For the sixth straight week, the U.S. Energy Information Administration (EIA) saw a nationwide drop in diesel fuel prices, with the national average reaching $4.029 per gallon. However, the "autumnal dip" may be showing signs of slowing, as not all U.S. regions experienced fuel price decreases over the past week.
The week of Dec. 4, the national diesel average was 5.4 cents lower than a week ago and 87 cents cheaper than this period a week ago. This places prices roughly where they were at the end of July 2023. But while diesel fuel prices are unanimously lower than they were a year ago, the East Coast did experience a 1.8-cent increase, while one of the area's subregions, the Lower Atlantic, saw a price hike of about 3 cents.
Despite these potential first signs of the slowing fuel price drop, every other region experienced a decrease in diesel costs of one to seven cents over the past week. In particular, California saw the most significant price drop of nine cents, closely followed by the Midwest with the same. The Gulf Coast still holds the title for the best place to purchase diesel fuel at $3.73 per gallon, while California is the most expensive at $5.480.
In comparison, the AAA motor club recorded the national diesel average at $4.182 on Dec. 4, five cents lower than last week’s average of $4.233 and significantly below last year’s report of $5.077.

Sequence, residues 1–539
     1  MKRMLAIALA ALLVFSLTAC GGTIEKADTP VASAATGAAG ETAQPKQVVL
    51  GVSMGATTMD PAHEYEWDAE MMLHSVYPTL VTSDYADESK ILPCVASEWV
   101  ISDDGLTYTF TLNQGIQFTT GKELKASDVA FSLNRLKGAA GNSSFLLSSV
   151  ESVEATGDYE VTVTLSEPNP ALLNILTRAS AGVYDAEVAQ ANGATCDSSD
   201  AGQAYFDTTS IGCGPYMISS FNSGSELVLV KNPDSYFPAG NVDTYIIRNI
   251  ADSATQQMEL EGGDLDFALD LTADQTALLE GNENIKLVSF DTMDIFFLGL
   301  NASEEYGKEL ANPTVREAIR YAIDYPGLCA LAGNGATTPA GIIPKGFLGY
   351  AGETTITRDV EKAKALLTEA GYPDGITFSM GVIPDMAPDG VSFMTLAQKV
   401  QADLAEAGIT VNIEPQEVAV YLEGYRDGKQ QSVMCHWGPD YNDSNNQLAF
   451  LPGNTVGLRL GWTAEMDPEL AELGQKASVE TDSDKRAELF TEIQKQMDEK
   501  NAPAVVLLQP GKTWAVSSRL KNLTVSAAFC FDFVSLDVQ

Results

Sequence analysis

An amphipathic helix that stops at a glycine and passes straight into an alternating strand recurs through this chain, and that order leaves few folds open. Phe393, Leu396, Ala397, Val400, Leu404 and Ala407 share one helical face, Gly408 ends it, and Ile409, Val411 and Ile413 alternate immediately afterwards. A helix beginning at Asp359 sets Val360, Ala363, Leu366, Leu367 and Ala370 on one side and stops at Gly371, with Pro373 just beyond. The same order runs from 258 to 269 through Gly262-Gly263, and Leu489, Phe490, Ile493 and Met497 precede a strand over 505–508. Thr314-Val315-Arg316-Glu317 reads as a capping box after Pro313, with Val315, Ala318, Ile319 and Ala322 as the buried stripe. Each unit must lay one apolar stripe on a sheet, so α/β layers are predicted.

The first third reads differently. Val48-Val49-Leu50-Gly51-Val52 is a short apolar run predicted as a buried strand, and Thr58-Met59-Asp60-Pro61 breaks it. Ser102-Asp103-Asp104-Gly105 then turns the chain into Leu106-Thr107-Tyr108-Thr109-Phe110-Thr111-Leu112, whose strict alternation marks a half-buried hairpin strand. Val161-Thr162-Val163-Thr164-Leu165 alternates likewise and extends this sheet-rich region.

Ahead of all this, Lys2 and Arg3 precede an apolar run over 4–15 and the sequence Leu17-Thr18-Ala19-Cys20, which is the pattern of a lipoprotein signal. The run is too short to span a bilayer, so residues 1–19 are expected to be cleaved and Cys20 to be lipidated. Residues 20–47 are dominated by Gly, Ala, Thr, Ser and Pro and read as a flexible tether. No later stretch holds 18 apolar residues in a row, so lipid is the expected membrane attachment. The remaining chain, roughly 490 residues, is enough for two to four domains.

Gasoline prices down 15 cents over past 12 months
The current nationwide average for gasoline prices is $3.231, barely down 0.7 cents from last week and 15 cents lower than last year. Similar to its diesel counterparts, gasoline prices increased on the East Coast, which rose by five cents, and in the Lower Atlantic subregion, which rose by 12 cents. Surprisingly, gasoline prices on the Gulf Coast also increased to $2.738. But on the positive side, the West Coast and California each saw some of the most significant price decreases this week of 11-12 cents.
Despite this, the Gulf Coast is still the cheapest place to purchase gasoline, while California is the most expensive at $4.596.
The AAA’s gasoline average is very close to the EIA’s report, as it posted that gas prices are at $3.229/gal., a drop of 2 cents from the week before but much improved from last year’s average at this time of $3.403.
According to a press release on AAA, the slowdown in decreasing gasoline prices is potentially due to the cost of oil.
“The current streak of daily pump prices either falling or staying flat started on Sept. 19,” said Andrew Gross, AAA spokesperson. “It appears this run is in jeopardy, and we may see prices edge a bit higher. But if the cost of oil eventually hits reverse and dips again, pump prices will likely follow suit.”